Depth Resolved Quantitative Imaging of Tissue Ultra-Structure

Sub-diffusive Spatial Frequency Domain Imaging

Project #1: Spatial Frequency Resolved Characterization of Wound Healing

In this project, we seek to differentiate tissue scattering properties in thin layers (~50-100 micron) of skin tissue. This is critical to non-invasively quantify new cell growth (re-epithelialization) in wound healing. Our approach exploits the subtle differences in structured light propagation into tissue as a function of how fine the illumination pattern is.

Picture that shows results from the research.

This can be a vital tool to assess the efficacy of wound healing therapeutics as tissue scattering properties are sensitive to microscopic structure (e.g. collagen and cellular morphology). By non-invasively probing these properties over different tissue volumes, it is possible to volumetrically reconstruct tissue structures that the eye cannot perceive, like new cell growth, over centimeter fields of view. This can allow for the continual monitoring of wound healing progression with perturbing the tissue itself.

Graphics showing the results of the research.

Project #2: Spectral Depth Penetrance of Light Scattering: a New Approach to Melanoma Screening

We use quantitative spectroscopy to find a way to help clinical practitioners distinguish pigmented lesions by providing information inaccessible to the human eye. Our main goals are to develop a platform that allows early detection of melanoma (improved sensitivity) and reduces the number of unnecessary invasive biopsies (improved specificity).

Graphics showing how skin looks underneath.

Previous absorption-based, wide-field imaging approaches estimate the distribution thickness of melanin and the melanin concentration up to 100-200 micron in depth. Staging of melanoma, however, requires a technique that can reach depths of 1-4 mm. Therefore, a scattering based technique used in this project is uniquely suited to facilitate melanoma staging. Here, scattering properties (related to tissue morphology) are differentiated between the lesion and underlying tissue by leveraging the relative penetration of light from the visible to near infrared. Using models of light transport, we can estimate which fraction of each wavelength will visit the lesion vs dermal tissue, disentangling the scattering features from each tissue volume and determine the depth of pigmented lesion invasion.

Photos and charts showing results from the research.

Project #3: Sub-diffusive Spatial Frequency Domain Imaging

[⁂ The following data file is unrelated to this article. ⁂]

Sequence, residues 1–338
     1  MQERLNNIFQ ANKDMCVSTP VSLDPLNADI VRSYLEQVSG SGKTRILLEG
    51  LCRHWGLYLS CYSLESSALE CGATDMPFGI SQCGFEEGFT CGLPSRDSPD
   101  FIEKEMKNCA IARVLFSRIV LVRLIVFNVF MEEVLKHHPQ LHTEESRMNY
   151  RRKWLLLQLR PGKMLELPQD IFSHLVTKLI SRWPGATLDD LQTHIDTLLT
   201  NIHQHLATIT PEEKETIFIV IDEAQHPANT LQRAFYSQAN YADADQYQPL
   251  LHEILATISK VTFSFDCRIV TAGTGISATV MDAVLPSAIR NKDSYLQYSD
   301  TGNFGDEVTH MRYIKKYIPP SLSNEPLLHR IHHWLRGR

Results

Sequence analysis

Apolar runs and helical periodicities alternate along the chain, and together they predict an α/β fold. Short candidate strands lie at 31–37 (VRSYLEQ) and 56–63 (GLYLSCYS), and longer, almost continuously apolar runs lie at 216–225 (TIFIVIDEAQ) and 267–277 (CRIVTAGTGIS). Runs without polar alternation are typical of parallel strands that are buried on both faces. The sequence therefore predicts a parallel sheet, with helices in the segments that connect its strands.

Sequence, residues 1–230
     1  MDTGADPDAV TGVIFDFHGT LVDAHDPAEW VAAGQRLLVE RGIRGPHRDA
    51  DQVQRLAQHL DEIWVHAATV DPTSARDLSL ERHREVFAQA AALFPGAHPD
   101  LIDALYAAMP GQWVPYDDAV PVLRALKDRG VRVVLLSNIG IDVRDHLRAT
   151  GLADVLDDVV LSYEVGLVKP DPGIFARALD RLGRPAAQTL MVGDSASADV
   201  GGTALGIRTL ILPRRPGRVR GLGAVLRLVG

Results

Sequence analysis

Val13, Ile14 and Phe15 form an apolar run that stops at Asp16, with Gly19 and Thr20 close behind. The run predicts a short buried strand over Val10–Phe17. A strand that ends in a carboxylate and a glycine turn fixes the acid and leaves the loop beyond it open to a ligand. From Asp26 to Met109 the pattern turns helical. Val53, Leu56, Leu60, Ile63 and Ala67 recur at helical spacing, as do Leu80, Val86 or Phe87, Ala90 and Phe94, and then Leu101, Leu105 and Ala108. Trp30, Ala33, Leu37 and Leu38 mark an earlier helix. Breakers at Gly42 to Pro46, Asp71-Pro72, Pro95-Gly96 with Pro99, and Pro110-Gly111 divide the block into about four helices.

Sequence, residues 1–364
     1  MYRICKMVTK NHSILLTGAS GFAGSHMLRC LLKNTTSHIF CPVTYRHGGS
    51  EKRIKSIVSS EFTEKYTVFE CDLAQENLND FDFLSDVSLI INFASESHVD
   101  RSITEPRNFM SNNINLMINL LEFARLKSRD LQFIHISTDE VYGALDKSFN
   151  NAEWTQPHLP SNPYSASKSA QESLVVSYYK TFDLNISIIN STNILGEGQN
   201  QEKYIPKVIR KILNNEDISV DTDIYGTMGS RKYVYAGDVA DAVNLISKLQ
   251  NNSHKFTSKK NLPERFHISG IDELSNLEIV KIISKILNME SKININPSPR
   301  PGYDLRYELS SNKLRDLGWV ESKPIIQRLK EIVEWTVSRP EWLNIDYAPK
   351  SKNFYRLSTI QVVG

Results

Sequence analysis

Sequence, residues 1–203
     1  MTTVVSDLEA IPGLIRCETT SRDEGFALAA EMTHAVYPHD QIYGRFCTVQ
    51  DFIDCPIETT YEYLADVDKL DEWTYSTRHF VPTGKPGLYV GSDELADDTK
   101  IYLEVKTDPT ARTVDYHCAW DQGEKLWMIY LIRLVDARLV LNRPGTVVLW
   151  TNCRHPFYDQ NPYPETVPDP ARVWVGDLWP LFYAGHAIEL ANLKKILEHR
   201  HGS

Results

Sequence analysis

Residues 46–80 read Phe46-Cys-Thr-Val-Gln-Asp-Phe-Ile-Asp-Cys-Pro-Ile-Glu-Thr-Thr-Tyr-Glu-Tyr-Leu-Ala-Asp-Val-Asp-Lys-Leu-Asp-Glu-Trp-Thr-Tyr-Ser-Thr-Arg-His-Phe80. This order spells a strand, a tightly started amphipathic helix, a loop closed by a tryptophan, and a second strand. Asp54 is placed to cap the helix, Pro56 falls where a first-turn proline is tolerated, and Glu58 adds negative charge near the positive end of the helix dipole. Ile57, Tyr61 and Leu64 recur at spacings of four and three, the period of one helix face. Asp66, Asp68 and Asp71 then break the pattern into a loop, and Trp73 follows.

This project seeks to apply SFDI methodologies within sub millimeter volumes of tissue.  The challenge in this regime is that standard SFDI models of light scattering and light transport no longer adequately describe the behavior of light when only a few scattering events occur.  Our group is developing models and methods to describe the behavior of structured light to extend SFDI techniques into the sub-diffusive regime.  This problem is approached from both theoretical (modeling and simulation) and experimental perspectives. 

As scattering within this regime may no longer be described in terms of spatial frequency response alone, we have added new measurement geometries and complementary physical parameters to be able to better isolate and characterize these more subtle light scattering parameters in biological tissues. The addition of angular resolution/sensitivity to standard SFDI measurements is but one approach our group is exploring.


Why is there interest in sub-diffusive modeling and measurement of in vivo tissue? This approach presents the opportunity to:

  • Alter volume of tissue interrogated by “detected” light (photon gating) and not just the frequency of the illumination pattern and thereby reduce the issues posed in quantitative image reconstruction in optical tomography
  • Increase the sensitivity and depth resolution of wide field imaging techniques within superficial volumes: bridge gap between macroscopic and microscopic imaging (i.e. multiply vs singularly scattered light)
  • Extract more subtle, detailed parameters from tissue scattering, in vivo:
    • Extracellular order and regularity, e.g. collagen formation and orientation
    • Shape, complexity of subcellular objects, e.g. Pleomorphism, organelle structure

Project members